In this Activity, students investigate the action of leavening agents in baked goods. They first compare the results when leavening agents are added to water, with and without heating. They then prepare biscuits using dough that has been placed in different temperature environments and compare them. Preparing the biscuits requires an oven.
In this Activity, students observe gelatin samples treated with substances that may or may not have an enzymatic effect on the protein in the gelatin. Substances used are fresh pineapple, canned pineapple, fresh pineapple that has been frozen and microwaved, and meat tenderizer.
In this Activity, students test two chemical deicers, rock salt (sodium chloride) and calcium chloride, to determine which melts ice better and whether it is worth the extra cost to buy a more expensive deicer. They perform three tests comparing the two deicers, predict which will be more effective at melting through a thin disk of ice, and then test their prediction.
In this Activity, students investigate the magnetic interactions between a flexible-sheet refrigerator magnet and a probe tip cut from the same magnet to deduce the relative arrangement of the magnetic poles. These interactions are used as a macroscopic analog of scanning probe microscopies. The Activity could be used when atoms are introduced.
In this Activity, students investigate the fermentation process by making sauerkraut and test the effect of changing one variable in the sauerkraut-making process. The Activity involves students for an entire month, the length of the fermentation process.
In this Activity, students use an oatmeal canister to make a pinhole camera, load it with black and white photographic paper, and create a paper negative using the camera. This interdisciplinary Activity combines chemistry and art.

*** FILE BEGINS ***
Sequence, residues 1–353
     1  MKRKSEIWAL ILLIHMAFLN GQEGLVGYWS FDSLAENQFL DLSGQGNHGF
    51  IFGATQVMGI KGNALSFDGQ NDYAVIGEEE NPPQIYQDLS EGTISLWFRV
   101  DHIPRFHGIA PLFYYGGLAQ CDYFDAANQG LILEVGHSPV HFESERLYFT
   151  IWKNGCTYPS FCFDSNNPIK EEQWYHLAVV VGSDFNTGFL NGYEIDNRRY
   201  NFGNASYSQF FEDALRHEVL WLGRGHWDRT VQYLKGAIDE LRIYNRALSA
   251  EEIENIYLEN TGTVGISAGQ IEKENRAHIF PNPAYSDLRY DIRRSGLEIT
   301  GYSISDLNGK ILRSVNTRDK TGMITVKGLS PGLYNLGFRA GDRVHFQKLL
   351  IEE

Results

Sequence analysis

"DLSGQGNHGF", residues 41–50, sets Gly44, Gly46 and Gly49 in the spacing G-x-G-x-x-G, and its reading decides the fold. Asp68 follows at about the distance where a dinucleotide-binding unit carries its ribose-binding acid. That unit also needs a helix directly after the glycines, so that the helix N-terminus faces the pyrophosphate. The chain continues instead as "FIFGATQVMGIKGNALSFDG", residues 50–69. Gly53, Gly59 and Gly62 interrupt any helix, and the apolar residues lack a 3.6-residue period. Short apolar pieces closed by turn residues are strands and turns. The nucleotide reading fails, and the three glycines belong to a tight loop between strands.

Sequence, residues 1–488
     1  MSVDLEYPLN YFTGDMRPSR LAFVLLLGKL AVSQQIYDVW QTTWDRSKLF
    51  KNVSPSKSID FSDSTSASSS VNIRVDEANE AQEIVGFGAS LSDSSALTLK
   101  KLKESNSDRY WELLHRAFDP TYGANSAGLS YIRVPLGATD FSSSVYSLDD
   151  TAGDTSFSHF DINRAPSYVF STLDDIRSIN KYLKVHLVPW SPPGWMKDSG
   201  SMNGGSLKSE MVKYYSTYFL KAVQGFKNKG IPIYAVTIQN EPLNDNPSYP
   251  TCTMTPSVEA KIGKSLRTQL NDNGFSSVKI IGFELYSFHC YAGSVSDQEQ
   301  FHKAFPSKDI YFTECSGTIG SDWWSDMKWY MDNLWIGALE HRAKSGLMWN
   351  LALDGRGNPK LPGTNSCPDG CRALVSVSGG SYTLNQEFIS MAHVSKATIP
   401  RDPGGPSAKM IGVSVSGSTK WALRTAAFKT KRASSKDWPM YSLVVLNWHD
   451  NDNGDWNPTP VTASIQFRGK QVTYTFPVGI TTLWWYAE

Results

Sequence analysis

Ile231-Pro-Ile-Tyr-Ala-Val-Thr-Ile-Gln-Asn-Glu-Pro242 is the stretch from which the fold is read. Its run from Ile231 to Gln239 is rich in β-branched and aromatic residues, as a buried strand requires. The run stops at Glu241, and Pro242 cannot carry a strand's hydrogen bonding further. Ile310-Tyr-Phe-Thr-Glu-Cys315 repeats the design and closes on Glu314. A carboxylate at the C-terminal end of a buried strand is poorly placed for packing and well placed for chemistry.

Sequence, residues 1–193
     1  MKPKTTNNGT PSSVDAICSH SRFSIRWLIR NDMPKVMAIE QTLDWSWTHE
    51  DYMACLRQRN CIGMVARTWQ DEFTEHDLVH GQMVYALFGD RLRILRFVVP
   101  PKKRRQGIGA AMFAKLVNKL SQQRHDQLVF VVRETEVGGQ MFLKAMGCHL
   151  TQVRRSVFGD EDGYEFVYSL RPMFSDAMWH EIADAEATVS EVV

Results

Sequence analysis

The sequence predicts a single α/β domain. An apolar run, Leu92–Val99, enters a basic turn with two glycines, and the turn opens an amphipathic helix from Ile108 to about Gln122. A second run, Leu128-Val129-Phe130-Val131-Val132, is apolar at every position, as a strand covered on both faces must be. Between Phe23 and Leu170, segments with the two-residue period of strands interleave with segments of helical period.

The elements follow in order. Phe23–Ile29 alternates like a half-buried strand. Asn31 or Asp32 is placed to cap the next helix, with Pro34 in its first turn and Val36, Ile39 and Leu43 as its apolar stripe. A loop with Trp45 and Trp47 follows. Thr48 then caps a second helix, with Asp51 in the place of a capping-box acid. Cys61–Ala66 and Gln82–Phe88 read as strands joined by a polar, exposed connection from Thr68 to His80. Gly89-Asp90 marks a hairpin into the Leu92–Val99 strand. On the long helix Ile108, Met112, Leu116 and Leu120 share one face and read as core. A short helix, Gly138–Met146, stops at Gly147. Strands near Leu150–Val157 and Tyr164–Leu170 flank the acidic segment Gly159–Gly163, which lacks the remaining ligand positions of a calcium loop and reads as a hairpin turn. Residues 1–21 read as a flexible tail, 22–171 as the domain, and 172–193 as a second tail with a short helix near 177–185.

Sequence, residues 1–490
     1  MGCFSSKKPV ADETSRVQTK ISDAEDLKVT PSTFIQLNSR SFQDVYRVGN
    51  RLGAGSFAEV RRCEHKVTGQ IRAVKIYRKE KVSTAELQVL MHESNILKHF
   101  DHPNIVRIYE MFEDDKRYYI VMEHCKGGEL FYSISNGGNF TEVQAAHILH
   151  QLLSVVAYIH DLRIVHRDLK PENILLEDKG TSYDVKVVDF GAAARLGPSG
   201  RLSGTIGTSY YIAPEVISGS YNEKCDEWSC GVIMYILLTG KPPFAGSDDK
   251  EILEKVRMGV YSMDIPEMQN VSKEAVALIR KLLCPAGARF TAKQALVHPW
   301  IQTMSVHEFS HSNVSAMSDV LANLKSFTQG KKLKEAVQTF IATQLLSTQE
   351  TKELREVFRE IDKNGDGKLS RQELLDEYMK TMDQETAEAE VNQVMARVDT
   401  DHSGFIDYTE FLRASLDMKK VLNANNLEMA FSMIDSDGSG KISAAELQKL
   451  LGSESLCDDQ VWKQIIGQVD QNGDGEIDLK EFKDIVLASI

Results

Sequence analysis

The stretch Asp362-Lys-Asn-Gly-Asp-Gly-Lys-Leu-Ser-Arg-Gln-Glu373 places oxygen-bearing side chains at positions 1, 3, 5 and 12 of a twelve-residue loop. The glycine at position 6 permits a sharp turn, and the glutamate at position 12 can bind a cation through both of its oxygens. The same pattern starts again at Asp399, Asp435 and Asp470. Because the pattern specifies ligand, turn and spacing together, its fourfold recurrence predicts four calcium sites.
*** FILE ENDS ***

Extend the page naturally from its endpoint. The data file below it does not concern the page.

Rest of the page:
In this Activity, students collect data outdoors on a rainy day using plates and paper towels and use the information to calculate the rate of rainfall. This Activity reinforces ideas about density, mass, volume, area, length, and units.
In this Activity, students extract anthocyanins from flower petals and other plant matter. They observe what happens when vinegar or ammonia are added to the extracts. This Activity could be used as an introduction to the study of plant pigments and the idea that specific substances are responsible for the colors of objects.
In this Activity, students assemble a Cartesian diver and observe the effects of changing the pressure and temperature. An optional extension challenges students to cause the diver to hit the bottom in one minute by connecting the diver bottle to a second bottle in which baking soda and vinegar are reacted.
In this Activity, students prepare cyanotype paper and use it to "photograph" different items using sunlight. This Activity demonstrates catalysis of chemical reactions by ultraviolet (UV) light using one of the earliest photographic processes, the cyanotype process. It is useful as an introduction to the damaging effects of UV radiation on living organisms and the role of sunscreens.